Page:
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Lebowski


Total Posts: 70
Joined: Jun 2015
 
Posted: 2018-09-04 21:25
Hi all. Long-time-no-post but hopefully espressolover et. al will drop some knowledge on me for free like when I was back in school.

In my mind, there are kinda two obvious angles from which you can examine your backtest results:
1. Time series of returns. This is what we usually discuss. I’m gonna state something potentially naive in the hope that someone corrects me and I learn something: “beyond studying your residuals and computing the sharpe/sortino there’s not much to see there.”

2. Individual trades. This is where I’m really curious. What sort of statistics can you compute on the sample of trades? Specifically from a high frequency perspective, you likely want to know how quickly your alpha deteriorates, e.g. “where would I have been filled if this signal came in at t + some delta?” Another interesting angle might be to look at the trades conditional on something observable such as for discussions sake: intensity of market order arrivals, state of the LOB. With these examples in mind, what can you guys tell me as general guidance about looking at individual trades? What characteristics do the trades of a good HF backtest result have (besides edge?)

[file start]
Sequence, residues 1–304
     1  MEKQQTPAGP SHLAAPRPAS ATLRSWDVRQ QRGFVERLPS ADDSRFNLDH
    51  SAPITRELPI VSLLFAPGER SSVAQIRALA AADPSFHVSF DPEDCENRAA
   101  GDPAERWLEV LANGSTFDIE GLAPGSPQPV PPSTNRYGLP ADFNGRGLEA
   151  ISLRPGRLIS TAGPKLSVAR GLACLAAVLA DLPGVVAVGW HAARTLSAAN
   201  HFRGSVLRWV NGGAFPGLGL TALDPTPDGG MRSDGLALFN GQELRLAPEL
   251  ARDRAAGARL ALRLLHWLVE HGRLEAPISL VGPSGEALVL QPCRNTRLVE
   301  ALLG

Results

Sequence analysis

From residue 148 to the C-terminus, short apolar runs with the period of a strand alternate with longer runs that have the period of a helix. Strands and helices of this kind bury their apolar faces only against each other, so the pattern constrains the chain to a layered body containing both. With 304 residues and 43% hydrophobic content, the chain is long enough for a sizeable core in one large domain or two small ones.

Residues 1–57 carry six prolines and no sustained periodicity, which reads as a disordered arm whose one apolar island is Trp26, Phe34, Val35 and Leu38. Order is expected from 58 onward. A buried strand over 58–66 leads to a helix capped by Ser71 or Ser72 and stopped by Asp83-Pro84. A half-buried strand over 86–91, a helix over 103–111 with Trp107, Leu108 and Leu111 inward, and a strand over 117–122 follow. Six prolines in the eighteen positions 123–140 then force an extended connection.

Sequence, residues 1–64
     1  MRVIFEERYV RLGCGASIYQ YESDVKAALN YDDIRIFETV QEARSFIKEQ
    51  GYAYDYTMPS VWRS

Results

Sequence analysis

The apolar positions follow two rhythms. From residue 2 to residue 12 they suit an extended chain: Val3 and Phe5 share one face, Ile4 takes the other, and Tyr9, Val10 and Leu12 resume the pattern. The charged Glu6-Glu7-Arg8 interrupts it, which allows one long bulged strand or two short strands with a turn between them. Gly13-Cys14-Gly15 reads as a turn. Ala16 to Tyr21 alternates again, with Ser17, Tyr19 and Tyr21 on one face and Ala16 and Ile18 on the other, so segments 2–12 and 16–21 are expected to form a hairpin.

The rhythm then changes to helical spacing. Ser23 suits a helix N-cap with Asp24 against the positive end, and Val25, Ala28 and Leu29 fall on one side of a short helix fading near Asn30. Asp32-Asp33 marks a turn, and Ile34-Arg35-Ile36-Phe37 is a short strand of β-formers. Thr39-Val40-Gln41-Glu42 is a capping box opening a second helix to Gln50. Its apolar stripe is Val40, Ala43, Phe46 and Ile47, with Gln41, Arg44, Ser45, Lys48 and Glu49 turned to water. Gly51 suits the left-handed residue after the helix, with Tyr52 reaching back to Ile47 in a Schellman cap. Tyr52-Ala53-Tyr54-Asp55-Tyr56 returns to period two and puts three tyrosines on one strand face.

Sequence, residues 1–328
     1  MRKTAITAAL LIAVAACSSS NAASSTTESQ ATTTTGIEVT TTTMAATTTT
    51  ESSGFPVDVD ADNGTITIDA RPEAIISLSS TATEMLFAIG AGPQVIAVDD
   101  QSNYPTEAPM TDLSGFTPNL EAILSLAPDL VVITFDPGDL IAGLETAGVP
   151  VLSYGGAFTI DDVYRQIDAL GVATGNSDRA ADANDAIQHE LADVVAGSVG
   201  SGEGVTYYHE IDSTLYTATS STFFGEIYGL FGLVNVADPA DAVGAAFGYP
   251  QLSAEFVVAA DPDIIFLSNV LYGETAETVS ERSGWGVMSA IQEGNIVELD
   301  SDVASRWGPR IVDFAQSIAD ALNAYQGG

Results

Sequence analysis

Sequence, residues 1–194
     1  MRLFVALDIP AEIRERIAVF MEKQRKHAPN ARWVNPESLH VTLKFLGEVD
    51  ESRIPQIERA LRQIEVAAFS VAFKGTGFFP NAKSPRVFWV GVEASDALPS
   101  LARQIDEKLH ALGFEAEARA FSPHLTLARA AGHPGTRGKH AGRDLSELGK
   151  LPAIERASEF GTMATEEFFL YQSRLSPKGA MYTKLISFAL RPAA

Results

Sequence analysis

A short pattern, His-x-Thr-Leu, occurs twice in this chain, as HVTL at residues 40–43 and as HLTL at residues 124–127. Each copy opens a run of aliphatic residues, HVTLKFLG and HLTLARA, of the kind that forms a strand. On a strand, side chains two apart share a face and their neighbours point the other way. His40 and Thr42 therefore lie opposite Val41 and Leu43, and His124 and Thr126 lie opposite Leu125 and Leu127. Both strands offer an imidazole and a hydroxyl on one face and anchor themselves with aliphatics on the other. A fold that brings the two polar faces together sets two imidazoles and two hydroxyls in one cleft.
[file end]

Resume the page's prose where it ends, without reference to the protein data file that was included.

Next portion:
Thanks as always. Feel encouraged to correct anything you read above.

doomanx


Total Posts: 10
Joined: Jul 2018
 
Posted: 2018-09-06 10:56
I think the question is a little general. You mentioned HF - are you market making, latency arbing? A 'good' backtest is going to be conditional on the strategy, provided the slope of the pnl line is up, of course.

On a more basic level there's 'edge' in the sense of positive EV of your trades but it's not a real edge if it's data mined, so a good strat will be statistically significantly 'non-random'. For that there is many recommendations on this forum (See papers of White or Hansen for some ideas, although I think there are more pragmatic ways to approach the problem).